Posts Categorized as: journey
Your cultural bias DICTATES your first emotional response to a new form of leadership
My mom did not like whining*. My two older brothers and I have laughed for years at the memory of Mom getting that fierce look on her face and then flicking us right in the lips with her finger if she caught us whining. She would look us right in the eye and say, “You may be angry, you may complain, but you may not whine.” Seriously, try popping yourself in the lips to see just how well that gets your attention!
I also remember that she was very efficient in emergencies. For many years she served as an emergency room nurse. While that had some upsides, the downside of that, of course, was that if one of us started crying, she would go into crisis mode and go straight to the heart of things:
Mom: Are you bleeding?
Me: (sniff) No…
Mom: Do you require medical attention?
Me: (sniff, sniff) No….
Mom: Why are you crying?
Me: (awkward pause) I don’t know…
Mom: Well then, stop it.
Now, this is not to suggest my mother was lacking the maternal instinct or capacities. She was warm and kind to so, so many people. She genuinely cared for us. In fact, she was occasionally irrational in her defense of us. But she had a real displeasure for men who were full of self-pity or weakness. Mom walked past me one time when I was being super-lazy and kinda whiny as a teenager. She asked what was wrong. I was feeling sorry for myself (over a girl), and she said in mid-stride, “no wonder she doesn’t like you…try acting like a man.” Ouch. My Mom was interested in her boys being strong. Add my Dad into the mix, and you get an idea of some of my upbringing. Phrases like pony up (and other less-appropriate phrases) were just part of the lifestyle. My brothers and I had boxing gloves, and we were allowed to use them. I sometimes joke that instead of a “fight-or-flight” reaction, I have a “fight-or-fight-meaner” kind of experience.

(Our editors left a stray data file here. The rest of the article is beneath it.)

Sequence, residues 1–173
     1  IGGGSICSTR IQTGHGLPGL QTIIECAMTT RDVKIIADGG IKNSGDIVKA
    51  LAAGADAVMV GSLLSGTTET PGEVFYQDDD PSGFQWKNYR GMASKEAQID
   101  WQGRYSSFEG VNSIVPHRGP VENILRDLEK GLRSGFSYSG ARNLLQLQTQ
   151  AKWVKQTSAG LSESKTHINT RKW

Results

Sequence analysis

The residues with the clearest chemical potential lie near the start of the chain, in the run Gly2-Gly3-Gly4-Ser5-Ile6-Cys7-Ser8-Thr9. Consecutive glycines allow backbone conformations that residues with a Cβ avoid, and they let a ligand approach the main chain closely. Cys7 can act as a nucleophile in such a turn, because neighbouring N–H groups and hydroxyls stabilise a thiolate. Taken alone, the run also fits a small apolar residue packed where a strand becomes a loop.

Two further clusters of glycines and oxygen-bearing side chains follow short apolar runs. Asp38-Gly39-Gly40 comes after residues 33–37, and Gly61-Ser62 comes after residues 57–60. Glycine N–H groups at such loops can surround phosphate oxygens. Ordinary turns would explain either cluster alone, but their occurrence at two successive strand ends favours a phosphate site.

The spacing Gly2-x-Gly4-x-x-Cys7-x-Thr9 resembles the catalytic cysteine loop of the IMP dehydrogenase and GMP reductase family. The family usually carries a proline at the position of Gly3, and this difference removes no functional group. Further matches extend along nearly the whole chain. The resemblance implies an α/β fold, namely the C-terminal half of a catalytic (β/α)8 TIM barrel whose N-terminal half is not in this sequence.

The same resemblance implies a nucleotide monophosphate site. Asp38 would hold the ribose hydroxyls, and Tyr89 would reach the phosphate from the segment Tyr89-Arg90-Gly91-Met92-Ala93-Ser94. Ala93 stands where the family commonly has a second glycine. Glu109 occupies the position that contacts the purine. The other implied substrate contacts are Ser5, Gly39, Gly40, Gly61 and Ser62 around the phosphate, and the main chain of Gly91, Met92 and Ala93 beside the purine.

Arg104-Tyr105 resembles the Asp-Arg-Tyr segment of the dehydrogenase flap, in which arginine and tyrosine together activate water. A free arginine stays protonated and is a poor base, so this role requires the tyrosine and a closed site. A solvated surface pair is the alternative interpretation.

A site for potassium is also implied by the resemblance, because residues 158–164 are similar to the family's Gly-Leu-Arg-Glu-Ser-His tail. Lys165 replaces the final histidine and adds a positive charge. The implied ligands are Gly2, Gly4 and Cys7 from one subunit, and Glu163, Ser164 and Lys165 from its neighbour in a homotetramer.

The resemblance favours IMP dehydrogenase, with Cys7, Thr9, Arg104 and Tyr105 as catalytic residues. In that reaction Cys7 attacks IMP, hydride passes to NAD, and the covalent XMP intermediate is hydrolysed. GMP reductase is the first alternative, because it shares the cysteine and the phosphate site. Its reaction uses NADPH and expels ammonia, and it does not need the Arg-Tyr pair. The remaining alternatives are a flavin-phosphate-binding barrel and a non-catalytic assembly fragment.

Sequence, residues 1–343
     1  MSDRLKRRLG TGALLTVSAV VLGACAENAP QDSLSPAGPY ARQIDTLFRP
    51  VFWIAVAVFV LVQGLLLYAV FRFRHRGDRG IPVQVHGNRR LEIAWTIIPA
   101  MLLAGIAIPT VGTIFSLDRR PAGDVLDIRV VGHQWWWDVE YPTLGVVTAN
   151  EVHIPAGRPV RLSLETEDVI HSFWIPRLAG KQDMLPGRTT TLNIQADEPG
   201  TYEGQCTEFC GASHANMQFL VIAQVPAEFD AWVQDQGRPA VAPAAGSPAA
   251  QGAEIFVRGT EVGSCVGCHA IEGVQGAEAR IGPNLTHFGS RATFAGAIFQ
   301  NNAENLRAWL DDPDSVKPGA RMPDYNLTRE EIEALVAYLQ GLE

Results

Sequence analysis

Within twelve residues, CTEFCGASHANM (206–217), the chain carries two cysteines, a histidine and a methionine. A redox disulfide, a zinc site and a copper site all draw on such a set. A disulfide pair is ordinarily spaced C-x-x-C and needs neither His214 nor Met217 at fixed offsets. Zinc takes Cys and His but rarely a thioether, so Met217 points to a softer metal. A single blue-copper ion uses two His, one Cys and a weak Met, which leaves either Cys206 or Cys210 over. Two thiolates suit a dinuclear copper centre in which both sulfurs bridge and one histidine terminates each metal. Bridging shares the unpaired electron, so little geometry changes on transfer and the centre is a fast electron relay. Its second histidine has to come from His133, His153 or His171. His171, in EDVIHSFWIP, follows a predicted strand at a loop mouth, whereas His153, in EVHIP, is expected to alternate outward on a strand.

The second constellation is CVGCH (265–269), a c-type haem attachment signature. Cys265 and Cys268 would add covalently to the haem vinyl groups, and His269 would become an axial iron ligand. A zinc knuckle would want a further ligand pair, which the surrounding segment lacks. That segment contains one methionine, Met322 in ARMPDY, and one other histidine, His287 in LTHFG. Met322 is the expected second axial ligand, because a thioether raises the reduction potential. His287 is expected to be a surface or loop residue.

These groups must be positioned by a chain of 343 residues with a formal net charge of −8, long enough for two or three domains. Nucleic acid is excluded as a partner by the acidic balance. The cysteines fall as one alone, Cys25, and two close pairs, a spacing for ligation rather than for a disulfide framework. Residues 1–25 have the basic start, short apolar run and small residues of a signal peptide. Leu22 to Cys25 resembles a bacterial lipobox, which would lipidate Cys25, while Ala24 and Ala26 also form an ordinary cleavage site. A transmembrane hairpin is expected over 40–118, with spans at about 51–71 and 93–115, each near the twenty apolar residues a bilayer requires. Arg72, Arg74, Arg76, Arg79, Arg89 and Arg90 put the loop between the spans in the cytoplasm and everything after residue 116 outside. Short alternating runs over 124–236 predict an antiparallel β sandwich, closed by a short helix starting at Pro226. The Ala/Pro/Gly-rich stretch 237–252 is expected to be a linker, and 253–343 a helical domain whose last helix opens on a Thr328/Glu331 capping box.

Now there was another element to this. Because I loved my family and had so much respect for my parents, I was proud of our heritage and our way of life. We were not financially successful, but our way of life felt authentic and in-line with the entire corpus of Louis L’Amour books on the shelf and the stack of John Wayne videotapes that grew as the years went by.
When I left home, that was the paradigm I had for what a person should act like. This was the model I had imbibed from an early age. But when I got to college, I started coming into contact with people who were so very different. I honestly didn’t know what to do. The introvert in me just avoided the issues (even though I was intensely curious), and I also had to learn to deal with a host of emotional issues I had been avoiding. But here’s where it got really difficult: I was asked to lead others—uh oh…
Like all young leaders I started with what I had—and I made some terrible decisions in the midst of God using me anyway. However, I soon realized that I was fairly one-dimensional in both my understanding and expression of leadership. Really, I had never questioned or thought through why I believed the things I did. I had, like virtually everyone, looked to the leaders I knew (parents, coaches, and community leaders) as my examples. But my failures and stresses forced me to start a journey to try and understand leadership per se. I began reading anything about leadership that was recommended by leaders I respected. I read and asked questions about leadership all the time! But I still had so far to go.